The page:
I don't really know how to answer because, as shocking as this may sound, I don't wear Schneider stuff that often (admittedly the fit I posted does a pretty poor job at illustrating this). My approach to this whole thing tends to focus on shapes and silhouettes first and foremost; I relate a great deal to things like Yohji's reclaiming of public space through flowing fabrics™ or Raf's more forceful early monolithic volumes. Schneider is somewhat peripheral to all that; it fulfills a need for touches of color and patterns here and there to break off walls of blacks, navies and grays. It does it in a more modest, subdued and abstract manner than, say, Dries, which I also like quite a bit but find harder to incorporate.
Original WAYWT post here
What this looks like: Every professor you wish you had but didn’t
I tried to write a funny story about this picture, but then I looked in the mirror and was so overcome by inadequacy that I gave up and sat in my closet with the lights off and the door shut for three or four hours. Then I read his response to my question and started hyperventilating. Maybe we don’t have that to-die-for salt ‘n peppa hair, but let’s step our game up. You like knits, right? Shoreman wears knits under knits. Knits that are also jackets. His jeans are probably older than you are, and have sharper fades than your Macklemore’d dome. This is mature, like a Chateau d’Yquem full of snark and swag. You can’t buy that wabi-sabi, kids. You’ll get it when you’re older. Or maybe you won’t. Maybe there’s no hope for any of us.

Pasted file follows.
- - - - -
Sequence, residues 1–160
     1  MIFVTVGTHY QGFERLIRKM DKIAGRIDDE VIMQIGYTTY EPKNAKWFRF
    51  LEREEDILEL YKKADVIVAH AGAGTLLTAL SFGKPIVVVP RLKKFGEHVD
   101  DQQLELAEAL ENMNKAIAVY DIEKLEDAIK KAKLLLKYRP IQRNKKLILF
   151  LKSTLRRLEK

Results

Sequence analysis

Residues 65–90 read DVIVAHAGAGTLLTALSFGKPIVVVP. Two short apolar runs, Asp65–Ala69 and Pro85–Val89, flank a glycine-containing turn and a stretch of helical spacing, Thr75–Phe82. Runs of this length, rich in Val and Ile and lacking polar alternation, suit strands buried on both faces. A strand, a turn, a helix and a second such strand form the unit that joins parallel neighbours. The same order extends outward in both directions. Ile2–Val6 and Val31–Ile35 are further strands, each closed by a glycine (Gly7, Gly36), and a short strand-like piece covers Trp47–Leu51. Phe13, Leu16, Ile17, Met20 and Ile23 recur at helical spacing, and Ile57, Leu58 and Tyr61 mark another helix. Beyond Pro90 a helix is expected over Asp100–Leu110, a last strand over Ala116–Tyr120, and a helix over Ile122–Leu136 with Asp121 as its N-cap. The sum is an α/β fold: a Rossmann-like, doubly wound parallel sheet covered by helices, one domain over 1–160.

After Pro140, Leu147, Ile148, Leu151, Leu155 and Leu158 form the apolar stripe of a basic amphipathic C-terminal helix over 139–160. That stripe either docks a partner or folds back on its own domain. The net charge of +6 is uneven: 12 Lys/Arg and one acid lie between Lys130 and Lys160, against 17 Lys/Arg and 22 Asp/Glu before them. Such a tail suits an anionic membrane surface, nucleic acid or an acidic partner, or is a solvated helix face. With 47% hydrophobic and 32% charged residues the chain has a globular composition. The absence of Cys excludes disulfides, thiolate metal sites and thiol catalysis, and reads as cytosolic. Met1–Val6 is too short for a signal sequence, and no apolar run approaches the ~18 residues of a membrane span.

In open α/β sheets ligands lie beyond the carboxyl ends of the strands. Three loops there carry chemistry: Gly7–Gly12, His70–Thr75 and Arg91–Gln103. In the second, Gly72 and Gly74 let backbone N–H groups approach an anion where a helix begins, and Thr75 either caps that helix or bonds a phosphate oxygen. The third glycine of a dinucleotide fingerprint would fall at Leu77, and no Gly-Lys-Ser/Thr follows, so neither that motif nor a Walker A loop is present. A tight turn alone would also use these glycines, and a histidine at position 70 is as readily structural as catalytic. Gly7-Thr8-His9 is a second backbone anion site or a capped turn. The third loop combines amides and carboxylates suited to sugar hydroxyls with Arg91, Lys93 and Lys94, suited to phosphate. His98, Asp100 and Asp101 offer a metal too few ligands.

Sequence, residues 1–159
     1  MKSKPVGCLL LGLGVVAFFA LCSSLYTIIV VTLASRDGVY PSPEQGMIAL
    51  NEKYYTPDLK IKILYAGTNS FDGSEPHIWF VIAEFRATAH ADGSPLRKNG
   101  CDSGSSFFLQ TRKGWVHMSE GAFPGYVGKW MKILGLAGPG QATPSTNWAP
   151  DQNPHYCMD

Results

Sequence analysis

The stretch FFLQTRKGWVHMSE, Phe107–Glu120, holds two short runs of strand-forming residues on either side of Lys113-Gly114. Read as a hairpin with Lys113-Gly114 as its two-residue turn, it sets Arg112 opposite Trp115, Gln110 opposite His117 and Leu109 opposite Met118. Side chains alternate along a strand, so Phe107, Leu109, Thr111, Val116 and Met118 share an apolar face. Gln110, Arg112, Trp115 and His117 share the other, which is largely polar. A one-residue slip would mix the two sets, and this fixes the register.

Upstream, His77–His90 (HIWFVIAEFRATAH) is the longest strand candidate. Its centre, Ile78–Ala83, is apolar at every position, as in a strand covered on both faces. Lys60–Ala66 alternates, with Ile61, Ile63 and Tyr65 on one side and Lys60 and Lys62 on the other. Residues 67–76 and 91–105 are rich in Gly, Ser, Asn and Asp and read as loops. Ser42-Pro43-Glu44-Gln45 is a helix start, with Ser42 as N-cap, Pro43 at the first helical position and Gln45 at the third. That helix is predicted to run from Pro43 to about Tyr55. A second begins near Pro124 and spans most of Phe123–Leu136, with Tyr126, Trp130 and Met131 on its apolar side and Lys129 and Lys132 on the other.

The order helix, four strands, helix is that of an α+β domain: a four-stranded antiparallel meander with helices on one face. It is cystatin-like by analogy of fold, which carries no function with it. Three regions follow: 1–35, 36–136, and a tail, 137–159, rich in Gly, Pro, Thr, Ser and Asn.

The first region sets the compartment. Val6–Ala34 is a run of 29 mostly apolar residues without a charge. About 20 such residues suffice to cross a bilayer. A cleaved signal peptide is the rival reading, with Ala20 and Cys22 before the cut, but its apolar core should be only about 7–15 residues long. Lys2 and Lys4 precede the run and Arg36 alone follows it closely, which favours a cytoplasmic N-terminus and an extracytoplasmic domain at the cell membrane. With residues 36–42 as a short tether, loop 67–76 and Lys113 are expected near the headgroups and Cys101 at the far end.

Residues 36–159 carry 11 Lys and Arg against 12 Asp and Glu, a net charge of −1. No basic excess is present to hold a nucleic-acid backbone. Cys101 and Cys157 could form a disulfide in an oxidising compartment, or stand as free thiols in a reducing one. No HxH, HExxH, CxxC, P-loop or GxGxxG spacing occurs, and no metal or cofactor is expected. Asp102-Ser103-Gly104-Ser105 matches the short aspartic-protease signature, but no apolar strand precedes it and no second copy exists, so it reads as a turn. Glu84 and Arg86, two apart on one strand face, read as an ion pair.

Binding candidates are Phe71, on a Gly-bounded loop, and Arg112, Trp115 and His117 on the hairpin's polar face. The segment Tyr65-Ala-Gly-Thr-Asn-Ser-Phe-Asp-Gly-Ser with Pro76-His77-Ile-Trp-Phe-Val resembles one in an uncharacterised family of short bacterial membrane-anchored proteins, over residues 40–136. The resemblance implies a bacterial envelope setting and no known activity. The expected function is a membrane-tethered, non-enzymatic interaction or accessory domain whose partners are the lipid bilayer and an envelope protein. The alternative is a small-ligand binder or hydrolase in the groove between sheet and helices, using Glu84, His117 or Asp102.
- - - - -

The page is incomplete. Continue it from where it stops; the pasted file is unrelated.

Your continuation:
Jacket: Engineered Garments
Sweater: SNS Herning
Jeans: APC Petit Standard
Socks: White Mountaineering
Boots: Supreme + Padmore and Barnes
You've been on the forum for years and years now. How have the general tastes changed? How have your own tastes changed over the last decade?
I joined the forum in 2004, when I first got a job that didn't provide me with embroidered polos to wear to work. I was looking for advice on business dress, and for the most part I wanted to look older than my 23 years--I thought people would be more likely to believe my bullshit if I wore a tie (which was true). I also have a strain of mixed-up Anglophilia contracted while attending a WASP-y college and spending some time in London. Styleforum was the perfect place to learn why Charles Tyrwhitt was a pretender and how to order REAL Jermyn Street shirts, as well as MTM shirts from Jantzen in Hong Kong for $40 a pop. I think I literally faxed an order to Jantzen from my office in 2005, and got no response but a brown envelope in the mail a month later containing wildly patterned shirts with turnback cuffs that didn't reach my wrist (my fault, not theirs). The WAYWT threads from back then seem absurdly primitive--they were unillustrated lists. On the Internet, no one knows you're a dog wearing sweats and claiming you're in Kiton.